The Will to Power, Book I and II An Attempted Transvaluation of all Values

By Friedrich Nietzsche

Page 90

the above.

It is likewise of the nature of the _rulers_ (whether they are
individuals or classes) to patronise and applaud those virtues which
make their subjects _amenable_ and _submissive_--conditions and
passions which may be utterly different from their own.

The _gregarious instinct_ and the _instinct of the rulers_ sometimes
_agree_ in approving of a certain number of qualities and
conditions,--but for different reasons: the first do so out of direct
egoism, the second out of indirect egoism.

_The submission to Christianity on the part of master races_ is
essentially the result of the conviction that Christianity is a
_religion for the herd,_ that it teaches obedience: in short, that
Christians are more easily ruled than non-Christians. With a hint of
this nature, the Pope, even nowadays, recommends Christian propaganda
to the ruling Sovereign of China.

It should also be added that the seductive power of the Christian ideal
works most strongly upon natures that love danger, adventure, and
contrasts; that love everything _that entails a risk,_ and wherewith a
_non plus ultra_ of powerful feeling may be attained. In this respect,
one has only to think of Saint Theresa, surrounded by the heroic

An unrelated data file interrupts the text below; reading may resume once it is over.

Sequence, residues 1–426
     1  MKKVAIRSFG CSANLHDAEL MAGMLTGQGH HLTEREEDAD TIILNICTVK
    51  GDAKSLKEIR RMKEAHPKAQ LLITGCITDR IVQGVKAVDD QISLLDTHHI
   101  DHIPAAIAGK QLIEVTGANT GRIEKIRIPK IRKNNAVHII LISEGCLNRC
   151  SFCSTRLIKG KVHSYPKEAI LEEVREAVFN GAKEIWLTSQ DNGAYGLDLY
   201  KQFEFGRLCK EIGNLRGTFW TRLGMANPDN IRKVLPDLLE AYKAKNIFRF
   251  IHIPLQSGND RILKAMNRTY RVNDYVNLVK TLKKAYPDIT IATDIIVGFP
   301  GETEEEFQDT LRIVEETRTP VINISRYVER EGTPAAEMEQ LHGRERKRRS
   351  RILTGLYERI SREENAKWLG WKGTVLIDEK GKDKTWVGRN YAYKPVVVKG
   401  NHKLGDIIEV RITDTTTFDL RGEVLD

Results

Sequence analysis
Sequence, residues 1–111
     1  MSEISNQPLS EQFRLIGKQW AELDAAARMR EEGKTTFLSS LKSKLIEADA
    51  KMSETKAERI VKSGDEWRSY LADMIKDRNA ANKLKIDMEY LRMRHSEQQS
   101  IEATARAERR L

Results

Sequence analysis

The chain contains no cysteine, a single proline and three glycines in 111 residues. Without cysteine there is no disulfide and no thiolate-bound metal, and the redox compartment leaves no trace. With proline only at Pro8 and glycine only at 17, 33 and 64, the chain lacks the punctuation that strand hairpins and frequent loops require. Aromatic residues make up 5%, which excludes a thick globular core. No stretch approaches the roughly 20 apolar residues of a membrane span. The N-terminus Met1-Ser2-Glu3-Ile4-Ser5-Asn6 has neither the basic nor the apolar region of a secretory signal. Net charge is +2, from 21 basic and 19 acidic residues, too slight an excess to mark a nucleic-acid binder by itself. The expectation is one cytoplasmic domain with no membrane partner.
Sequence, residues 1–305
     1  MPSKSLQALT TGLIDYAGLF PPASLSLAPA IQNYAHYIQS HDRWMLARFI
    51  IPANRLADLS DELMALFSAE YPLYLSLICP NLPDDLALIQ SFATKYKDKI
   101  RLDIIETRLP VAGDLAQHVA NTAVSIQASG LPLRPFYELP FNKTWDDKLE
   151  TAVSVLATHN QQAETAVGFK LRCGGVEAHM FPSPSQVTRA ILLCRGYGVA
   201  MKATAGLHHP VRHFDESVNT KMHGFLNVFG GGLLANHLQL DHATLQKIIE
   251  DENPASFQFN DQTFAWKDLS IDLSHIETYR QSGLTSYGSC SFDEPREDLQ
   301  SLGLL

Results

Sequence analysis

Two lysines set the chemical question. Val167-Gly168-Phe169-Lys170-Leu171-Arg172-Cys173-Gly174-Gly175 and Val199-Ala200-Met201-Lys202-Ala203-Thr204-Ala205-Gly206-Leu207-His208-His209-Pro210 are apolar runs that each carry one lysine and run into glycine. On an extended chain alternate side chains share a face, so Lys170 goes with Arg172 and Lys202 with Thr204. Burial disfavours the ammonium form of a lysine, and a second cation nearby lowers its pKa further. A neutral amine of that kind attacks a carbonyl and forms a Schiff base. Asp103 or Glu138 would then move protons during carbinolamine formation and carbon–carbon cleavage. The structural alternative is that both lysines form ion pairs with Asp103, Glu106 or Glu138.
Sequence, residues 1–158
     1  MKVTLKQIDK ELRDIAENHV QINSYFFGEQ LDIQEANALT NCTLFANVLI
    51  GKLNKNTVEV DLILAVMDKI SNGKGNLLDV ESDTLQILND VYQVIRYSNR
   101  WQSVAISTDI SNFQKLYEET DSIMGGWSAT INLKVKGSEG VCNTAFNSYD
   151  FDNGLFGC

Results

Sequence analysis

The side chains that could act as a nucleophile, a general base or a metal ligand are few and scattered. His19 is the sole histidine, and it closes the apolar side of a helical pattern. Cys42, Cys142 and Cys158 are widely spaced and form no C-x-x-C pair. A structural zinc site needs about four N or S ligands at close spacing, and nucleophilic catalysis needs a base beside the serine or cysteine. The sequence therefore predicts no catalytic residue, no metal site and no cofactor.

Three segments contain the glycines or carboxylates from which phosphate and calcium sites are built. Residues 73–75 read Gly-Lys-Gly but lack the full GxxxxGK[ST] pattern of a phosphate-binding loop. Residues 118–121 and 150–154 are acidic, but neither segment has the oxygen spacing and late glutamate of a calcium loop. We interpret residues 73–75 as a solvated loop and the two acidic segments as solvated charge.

instincts of her brothers:--Christianity appears in those circumstances
as a dissipation of the will, as strength of will, as a will that is
Quixotic.



3. CHRISTIAN IDEALS.


217.

War against the _Christian ideal,_ against the doctrine of
"blessedness" and "salvation" as the aims of life, against the
supremacy of the fools, of the pure in heart, of the suffering and of
the botched!

When and where has any man, _of any note at all,_ resembled the
Christian ideal?--at least in the eyes of those who are psychologists
and triers of the heart and reins. Look at all Plutarch's heroes!


218.

_Our claim to superiority_: we live in an age of _Comparisons_; we
are able to calculate as men have never yet calculated; in every way
we are history become self-conscious. We enjoy things in a different
way; we suffer in a different way: our instinctive activity is the
comparison of an enormous variety of things. We understand everything;
we experience everything, we no longer have a hostile feeling left
within us. However disastrous the results may be to ourselves, our
plunging and almost lustful inquisitiveness, attacks, unabashed, the
most dangerous of subjects....

"Everything is good"--it gives us pain to say "nay" to anything. We
suffer when we feel that we are sufficiently foolish to make a definite
stand against anything.... At bottom, it is we scholars who to-day are
fulfilling Christ's teaching most thoroughly.


219.

We cannot suppress a certain irony when we contemplate those who think
they have overcome Christianity by means of

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